CEDAR CITY (ABC4 News) – Former U.S. ambassador to Russia Jon Huntsman Jr. announced Thursday his hopes to reclaim his old job as Utah governor, delivering his first speech as a candidate at Southern Utah University about his vision for the state and the world.
In a room filled with dozens of students and members of the public at SUU’s Leavitt Center for Politics and Public Service, Huntsman Jr. said he was not a politician, but a public servant — and he addressed the students directly, focusing on their responsibility to step up, “change the world,” and help bridge the partisan divides he said are “killing the country.”
“I don’t want to say that my generation has screwed it up, but I’m here to say that your generation is going to be part of the healing process, so that’s my charge to you,” Huntsman Jr. said, vowing to serve a full-term if elected and emphasizing that he is seeking the Republican nomination.
Among many of the key issues the candidate wants to address as governor include intergenerational poverty, healthcare costs, accessible pharmaceuticals, and cybersecurity, adding that he believes election meddling is a “real threat” to our nation — what he calls a part of the “malign influence Russia has used for some time.”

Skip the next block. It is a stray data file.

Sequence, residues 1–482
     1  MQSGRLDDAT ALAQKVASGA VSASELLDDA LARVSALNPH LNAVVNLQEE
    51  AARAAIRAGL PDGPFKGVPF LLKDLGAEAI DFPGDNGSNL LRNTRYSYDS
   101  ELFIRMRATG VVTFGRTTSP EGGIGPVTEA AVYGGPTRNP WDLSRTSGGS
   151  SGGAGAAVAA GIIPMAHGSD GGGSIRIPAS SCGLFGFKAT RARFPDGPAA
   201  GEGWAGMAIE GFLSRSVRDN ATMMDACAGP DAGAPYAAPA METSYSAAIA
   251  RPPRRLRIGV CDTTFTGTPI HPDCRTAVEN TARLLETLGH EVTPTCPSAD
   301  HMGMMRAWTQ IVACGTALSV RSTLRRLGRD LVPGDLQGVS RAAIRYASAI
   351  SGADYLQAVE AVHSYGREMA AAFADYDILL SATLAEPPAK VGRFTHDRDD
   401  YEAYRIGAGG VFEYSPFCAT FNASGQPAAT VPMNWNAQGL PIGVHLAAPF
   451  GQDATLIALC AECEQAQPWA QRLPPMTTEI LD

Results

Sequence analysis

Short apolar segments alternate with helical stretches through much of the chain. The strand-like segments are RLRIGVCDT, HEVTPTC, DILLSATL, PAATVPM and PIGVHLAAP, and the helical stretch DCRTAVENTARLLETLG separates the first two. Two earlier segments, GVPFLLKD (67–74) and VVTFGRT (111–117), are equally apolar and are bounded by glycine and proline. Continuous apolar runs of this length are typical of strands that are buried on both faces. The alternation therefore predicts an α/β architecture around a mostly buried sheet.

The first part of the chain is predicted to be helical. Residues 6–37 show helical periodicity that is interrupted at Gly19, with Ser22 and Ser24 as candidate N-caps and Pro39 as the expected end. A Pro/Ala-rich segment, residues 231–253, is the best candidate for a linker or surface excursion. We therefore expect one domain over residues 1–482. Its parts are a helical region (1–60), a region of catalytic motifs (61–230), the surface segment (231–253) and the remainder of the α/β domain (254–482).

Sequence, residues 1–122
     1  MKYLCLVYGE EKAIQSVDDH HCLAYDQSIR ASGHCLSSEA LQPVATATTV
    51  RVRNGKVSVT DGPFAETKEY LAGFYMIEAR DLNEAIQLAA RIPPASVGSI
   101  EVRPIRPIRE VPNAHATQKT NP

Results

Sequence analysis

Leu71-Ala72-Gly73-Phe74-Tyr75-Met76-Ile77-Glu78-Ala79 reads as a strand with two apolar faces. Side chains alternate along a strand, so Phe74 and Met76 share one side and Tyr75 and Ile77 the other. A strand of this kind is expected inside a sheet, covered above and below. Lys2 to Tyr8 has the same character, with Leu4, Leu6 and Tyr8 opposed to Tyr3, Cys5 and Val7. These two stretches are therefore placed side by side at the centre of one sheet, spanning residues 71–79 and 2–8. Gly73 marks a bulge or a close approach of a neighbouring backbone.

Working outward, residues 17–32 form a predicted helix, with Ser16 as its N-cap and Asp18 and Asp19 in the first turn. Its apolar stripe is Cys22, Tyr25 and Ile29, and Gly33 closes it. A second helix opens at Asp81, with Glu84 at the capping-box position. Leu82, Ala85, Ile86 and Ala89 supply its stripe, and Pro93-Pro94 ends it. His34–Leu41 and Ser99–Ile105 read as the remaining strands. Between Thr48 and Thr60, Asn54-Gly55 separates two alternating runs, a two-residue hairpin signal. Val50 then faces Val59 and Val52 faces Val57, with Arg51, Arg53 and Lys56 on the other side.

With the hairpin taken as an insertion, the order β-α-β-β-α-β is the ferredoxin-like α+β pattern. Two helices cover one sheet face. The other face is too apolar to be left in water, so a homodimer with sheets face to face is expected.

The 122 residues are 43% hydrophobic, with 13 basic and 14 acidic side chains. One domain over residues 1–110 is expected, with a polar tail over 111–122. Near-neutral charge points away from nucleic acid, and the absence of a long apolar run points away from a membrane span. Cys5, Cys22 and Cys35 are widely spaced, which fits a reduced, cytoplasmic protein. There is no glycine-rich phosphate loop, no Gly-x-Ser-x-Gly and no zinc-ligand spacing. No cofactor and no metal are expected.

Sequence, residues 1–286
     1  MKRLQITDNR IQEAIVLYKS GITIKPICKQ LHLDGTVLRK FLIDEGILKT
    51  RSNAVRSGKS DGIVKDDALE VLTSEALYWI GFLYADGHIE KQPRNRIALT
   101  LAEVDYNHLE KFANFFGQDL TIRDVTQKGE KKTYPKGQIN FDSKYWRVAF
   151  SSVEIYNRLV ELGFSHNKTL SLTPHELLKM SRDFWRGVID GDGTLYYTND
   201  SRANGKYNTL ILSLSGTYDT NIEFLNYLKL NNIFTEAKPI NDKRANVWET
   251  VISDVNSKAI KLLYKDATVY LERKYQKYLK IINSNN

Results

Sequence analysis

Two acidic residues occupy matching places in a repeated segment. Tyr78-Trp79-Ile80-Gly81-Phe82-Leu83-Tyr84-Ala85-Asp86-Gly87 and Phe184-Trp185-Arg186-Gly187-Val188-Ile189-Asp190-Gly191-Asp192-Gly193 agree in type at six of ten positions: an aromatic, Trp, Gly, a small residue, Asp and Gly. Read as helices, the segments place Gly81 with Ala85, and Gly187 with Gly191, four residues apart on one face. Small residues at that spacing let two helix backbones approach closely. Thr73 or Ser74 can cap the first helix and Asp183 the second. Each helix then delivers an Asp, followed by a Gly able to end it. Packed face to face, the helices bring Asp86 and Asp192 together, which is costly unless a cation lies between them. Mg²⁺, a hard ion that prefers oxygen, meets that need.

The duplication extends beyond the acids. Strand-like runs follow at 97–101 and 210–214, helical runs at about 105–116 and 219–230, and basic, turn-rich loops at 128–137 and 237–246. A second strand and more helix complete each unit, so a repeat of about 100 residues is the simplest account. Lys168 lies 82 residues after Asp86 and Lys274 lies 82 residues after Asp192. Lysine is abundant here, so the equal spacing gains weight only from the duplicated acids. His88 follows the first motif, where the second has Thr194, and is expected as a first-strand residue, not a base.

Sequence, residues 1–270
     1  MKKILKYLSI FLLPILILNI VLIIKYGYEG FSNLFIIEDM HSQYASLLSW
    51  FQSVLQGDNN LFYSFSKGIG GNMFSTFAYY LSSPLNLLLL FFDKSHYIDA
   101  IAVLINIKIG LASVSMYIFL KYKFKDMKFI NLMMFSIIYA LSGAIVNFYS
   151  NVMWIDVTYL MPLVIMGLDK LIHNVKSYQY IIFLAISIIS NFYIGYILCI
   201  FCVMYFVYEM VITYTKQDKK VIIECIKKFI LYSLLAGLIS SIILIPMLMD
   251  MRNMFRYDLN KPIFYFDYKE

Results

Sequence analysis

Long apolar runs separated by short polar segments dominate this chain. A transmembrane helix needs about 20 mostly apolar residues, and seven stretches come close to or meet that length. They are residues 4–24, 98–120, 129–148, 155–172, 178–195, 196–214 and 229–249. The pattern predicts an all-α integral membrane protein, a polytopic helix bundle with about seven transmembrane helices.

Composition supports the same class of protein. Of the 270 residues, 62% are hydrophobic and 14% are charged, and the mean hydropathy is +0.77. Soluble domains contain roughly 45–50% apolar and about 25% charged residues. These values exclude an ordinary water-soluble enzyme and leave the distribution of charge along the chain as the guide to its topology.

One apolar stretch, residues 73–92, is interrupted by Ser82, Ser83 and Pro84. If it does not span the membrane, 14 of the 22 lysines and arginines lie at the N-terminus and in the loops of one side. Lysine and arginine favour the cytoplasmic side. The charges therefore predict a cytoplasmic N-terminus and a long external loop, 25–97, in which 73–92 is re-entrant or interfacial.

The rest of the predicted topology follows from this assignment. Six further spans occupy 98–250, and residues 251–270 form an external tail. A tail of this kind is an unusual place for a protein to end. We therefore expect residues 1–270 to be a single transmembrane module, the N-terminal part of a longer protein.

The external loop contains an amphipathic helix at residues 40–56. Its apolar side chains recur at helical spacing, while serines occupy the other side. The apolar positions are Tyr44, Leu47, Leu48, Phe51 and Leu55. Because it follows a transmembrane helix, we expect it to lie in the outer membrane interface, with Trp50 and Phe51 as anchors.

“It was pretty clear to me what they were up to, their motives, and why they did it,” he added. “It’s also pretty clear to me that they have the wherewithal to hit us at the local levels.”
But Huntsman Jr. said the most important issue of his candidacy — and the state — is its growth, even describing Southern Utah as “ground zero” and emphasizing that the way the growth is handled in 2020 will affect each community for decades to come.
“We’re gonna add another million people in this state, and how we’re gonna shoe-horn another million people into this state without losing our quality of life, without it impacting air quality, water, and our economic viability — that’s an important discussion to have,” Huntsman Jr. said.
The candidate emphasized diversifying opportunities for all Utahns, which he said needs to be coupled with “young voices willing to take up the issues.”
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